“Surely there’s a place where they can go get a meal.” So what he didn’t do, which is what so many organizations do, is said, “Okay, I’m going to start, the Jeremy Everett Food Pantry, and I’m going to get my friends to give me a thousand dollars so that I can actually give six kids food in the next week.” And how many food programs are already existing in a community? What Jeremy did is he said, “Okay, who are the decision-makers in the community? Where are the spheres of power in the community? And let’s get together, share a meal, have a conversation and talk about how can we work together to solve food scarcity in our city.” So had a big meeting. There was government people there, there were faith leaders there, there were business leaders there, there were art people there and there were educators there.

Joshua MacLeod:
Now what happens as the meals are being shared, and people are talking with each other. Now, I have some relationships and I’m not just thinking about how corrupt this business guy is. I’m realizing, “Oh, that business guy actually funded this food program over here. Maybe they would fund this thing over here.” And that government person says, “Oh, this faith community that we’ve been so worried about is actually doing the most good. And we shouldn’t be worried about them. We should be partnering with them.” And what happens is those generational boundaries go away. The cross cultural boundaries, go away, your prejudices in various angles, go away. And then when you create a solution, you’re actually creating a solution that is good for the community. And you know, Bernie, I’m so passionate about that, because it is so non-existent. We are so fundamentally bent on protecting and growing our powers sphere, that we are never reaching across the boundaries, giving up some of our power, developing relationship, increasing the humanity of just having a reasonable conversation.

Joshua MacLeod:
What we have is a bunch of silos of nice people doing good things, but it’s not actually good for everybody. It’s not good for the whole community.

Bernie Anderson:
So give me three steps, three things that our listeners today can do to begin to develop a community that is bigger than their power circle. Develop a community that’s going to allow them to make really big goals. How do we do that? What are three steps that we can do to make that happen?

Joshua MacLeod:
Number one, very practical, find three organizations that are doing the same type of thing and don’t start your own. It’s kind of like, if you’ve already got a fire going and you just throw logs on that fire, that thing grows a lot brighter. But if you go to start your own fire, then that fire is not going to put out nearly as much heat as if you just throw your log under the fire that already exists.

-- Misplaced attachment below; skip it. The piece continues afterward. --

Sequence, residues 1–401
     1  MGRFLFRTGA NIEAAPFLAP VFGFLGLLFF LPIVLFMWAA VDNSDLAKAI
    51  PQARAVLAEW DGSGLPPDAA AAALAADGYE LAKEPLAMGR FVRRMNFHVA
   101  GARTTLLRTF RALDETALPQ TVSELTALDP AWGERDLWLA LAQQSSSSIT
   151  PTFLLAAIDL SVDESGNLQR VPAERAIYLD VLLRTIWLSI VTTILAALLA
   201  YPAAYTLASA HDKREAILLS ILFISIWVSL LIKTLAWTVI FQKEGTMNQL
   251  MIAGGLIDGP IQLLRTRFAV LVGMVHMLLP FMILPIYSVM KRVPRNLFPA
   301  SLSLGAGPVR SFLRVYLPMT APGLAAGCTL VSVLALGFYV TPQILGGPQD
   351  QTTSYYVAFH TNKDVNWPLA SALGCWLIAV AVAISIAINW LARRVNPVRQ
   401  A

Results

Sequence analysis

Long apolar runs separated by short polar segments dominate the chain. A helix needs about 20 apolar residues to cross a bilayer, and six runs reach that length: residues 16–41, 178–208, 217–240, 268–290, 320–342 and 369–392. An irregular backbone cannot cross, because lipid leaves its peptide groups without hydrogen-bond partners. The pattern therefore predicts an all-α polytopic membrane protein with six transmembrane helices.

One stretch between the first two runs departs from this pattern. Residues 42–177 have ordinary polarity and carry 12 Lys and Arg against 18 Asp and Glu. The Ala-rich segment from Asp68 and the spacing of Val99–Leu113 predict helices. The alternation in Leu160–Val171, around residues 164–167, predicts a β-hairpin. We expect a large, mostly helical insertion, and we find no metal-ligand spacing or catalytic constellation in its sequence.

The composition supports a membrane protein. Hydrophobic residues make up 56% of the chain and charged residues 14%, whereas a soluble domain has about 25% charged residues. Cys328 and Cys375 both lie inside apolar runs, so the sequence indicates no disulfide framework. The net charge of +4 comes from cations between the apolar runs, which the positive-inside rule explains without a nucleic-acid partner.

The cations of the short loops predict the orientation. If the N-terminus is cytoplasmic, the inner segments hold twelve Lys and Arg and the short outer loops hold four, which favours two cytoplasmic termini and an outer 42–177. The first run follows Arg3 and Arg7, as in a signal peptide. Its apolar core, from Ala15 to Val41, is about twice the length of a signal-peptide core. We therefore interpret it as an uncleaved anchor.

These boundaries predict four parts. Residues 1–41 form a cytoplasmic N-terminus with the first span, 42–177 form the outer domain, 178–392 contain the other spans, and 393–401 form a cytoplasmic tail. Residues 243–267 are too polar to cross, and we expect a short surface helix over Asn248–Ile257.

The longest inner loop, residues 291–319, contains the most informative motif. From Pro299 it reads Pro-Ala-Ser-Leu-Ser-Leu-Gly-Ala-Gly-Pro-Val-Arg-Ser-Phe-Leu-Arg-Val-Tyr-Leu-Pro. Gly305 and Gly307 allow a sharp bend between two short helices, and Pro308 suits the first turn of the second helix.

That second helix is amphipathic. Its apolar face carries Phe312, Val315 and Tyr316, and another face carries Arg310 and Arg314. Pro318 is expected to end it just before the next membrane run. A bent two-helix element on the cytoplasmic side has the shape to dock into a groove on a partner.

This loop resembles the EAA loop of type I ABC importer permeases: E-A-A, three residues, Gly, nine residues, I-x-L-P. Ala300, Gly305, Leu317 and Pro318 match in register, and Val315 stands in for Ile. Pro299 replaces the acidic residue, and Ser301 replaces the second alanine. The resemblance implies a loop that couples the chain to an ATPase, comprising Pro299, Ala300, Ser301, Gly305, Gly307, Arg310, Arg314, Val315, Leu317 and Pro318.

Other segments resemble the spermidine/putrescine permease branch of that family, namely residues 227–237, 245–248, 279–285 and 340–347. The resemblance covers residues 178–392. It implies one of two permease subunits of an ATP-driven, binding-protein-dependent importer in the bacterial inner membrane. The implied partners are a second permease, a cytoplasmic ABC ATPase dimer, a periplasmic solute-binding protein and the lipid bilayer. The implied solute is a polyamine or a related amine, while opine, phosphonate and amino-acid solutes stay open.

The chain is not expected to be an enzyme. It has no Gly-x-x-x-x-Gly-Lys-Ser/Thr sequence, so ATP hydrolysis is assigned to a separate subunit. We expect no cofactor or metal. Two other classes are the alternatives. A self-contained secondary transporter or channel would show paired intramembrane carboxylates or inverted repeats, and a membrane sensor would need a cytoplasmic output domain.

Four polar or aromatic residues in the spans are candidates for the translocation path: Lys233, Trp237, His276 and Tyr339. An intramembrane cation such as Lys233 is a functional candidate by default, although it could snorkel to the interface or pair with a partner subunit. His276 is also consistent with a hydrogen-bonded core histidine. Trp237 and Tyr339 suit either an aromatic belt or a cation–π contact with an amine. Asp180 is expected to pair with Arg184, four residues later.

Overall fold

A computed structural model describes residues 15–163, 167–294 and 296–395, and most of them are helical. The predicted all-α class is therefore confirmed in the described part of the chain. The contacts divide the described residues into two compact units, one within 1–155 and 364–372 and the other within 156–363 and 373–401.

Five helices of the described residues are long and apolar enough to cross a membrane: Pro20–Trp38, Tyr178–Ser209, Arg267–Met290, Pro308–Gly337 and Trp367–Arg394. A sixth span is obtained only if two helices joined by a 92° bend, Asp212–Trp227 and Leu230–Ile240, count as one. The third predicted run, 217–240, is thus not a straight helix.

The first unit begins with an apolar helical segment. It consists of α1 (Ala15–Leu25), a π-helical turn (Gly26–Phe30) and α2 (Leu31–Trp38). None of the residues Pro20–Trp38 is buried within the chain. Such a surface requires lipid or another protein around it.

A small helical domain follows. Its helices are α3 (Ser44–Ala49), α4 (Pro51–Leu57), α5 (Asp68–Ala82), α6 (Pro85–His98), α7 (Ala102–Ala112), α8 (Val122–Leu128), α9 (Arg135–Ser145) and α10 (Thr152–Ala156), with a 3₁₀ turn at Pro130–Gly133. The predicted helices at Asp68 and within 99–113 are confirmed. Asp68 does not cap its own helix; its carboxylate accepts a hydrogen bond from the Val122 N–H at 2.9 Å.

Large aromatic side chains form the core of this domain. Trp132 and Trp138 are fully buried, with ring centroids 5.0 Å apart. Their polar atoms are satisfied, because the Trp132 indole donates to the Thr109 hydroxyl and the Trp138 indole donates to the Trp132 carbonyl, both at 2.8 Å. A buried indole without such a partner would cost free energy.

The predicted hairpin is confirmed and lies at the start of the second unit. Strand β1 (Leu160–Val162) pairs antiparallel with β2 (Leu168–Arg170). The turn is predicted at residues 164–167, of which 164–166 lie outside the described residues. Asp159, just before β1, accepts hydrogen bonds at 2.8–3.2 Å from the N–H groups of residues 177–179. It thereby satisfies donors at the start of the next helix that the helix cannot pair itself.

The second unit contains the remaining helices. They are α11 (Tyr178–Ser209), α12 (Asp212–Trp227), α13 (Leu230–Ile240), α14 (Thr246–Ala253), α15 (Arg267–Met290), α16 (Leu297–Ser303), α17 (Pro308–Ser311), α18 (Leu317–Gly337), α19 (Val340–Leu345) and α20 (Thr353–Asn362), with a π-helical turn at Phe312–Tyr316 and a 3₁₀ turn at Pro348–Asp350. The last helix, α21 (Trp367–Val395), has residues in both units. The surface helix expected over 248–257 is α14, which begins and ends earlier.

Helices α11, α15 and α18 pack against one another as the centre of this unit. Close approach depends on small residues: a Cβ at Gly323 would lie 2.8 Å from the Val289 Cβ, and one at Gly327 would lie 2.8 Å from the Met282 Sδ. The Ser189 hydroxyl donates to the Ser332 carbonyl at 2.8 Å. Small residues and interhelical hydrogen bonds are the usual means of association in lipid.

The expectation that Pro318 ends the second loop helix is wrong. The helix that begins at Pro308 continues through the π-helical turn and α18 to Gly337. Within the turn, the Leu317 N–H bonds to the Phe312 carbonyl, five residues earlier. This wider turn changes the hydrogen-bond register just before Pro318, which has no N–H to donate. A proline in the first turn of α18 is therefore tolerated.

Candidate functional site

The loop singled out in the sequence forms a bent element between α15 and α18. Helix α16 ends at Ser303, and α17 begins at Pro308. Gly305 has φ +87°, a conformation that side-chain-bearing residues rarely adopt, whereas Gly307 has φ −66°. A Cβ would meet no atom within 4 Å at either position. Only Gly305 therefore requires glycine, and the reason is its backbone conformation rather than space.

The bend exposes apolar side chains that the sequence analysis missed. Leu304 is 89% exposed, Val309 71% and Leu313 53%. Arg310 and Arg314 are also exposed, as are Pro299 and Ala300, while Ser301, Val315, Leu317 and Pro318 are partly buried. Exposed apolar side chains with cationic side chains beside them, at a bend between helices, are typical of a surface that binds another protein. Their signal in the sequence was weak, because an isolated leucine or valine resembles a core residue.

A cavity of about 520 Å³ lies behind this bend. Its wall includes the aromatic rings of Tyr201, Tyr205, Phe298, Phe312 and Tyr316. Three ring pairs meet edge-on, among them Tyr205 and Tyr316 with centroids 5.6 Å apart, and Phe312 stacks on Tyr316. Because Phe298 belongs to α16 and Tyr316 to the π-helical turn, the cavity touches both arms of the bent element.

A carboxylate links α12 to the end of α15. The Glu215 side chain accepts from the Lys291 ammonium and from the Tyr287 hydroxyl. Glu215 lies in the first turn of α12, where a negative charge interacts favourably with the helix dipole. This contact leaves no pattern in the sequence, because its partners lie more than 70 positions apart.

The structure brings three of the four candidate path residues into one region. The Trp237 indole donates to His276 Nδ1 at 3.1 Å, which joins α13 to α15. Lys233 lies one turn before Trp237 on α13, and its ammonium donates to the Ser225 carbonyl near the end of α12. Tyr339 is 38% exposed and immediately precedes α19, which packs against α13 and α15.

Joshua MacLeod:
What we do in community development, is we go start our own fire, because our own fire is going to have our logo on the logs that we throw in it. Well, guess what? The logo doesn’t really mean anything. What means anything is the heat that’s produced from that fire. Number two, set up some meals, listen to the people that you want to do good for. And don’t assume that, you know best what good means. Make your plans based on what the feedback they give you. Actually share a meal with somebody and hear their story. Don’t just focus on the good that you want to do. Focus on getting to know them and learning about them. And then the third thing is go out and experience what somebody else is doing and stop asking, “What is it going to take for me to create this change” but “What would be my best role in helping this other organization to expand what they’re already doing?”

Joshua MacLeod:
I wish that leaders would do that. Don’t you wish leaders would do that, Bernie?

Bernie Anderson:
Well, I love what you said, this is about actually changing the world and not glorifying your brand. And I think that’s really where people need to get that, leaders need to get that, leaders in particular, need to not be so insecure that, “Oh, we got to make sure, we got the brand, is there a t-shirt with the logo on it or whatever.” Instead, just do good and you don’t have to have your name on it at all.

Joshua MacLeod:
If you want to know what the ultimate heart is behind Growability, behind my heart and even starting this thing, it really is developing relationship across leaders who are in spheres of power, to do something good, to make an impact in their community. That’s what it’s all about.

Bernie Anderson:
I think it’s a part of what we, who are in the leadership space and the business space and the nonprofit organizational leadership. I just think that’s a huge part of what we have to be doing, or why are we doing it to begin with.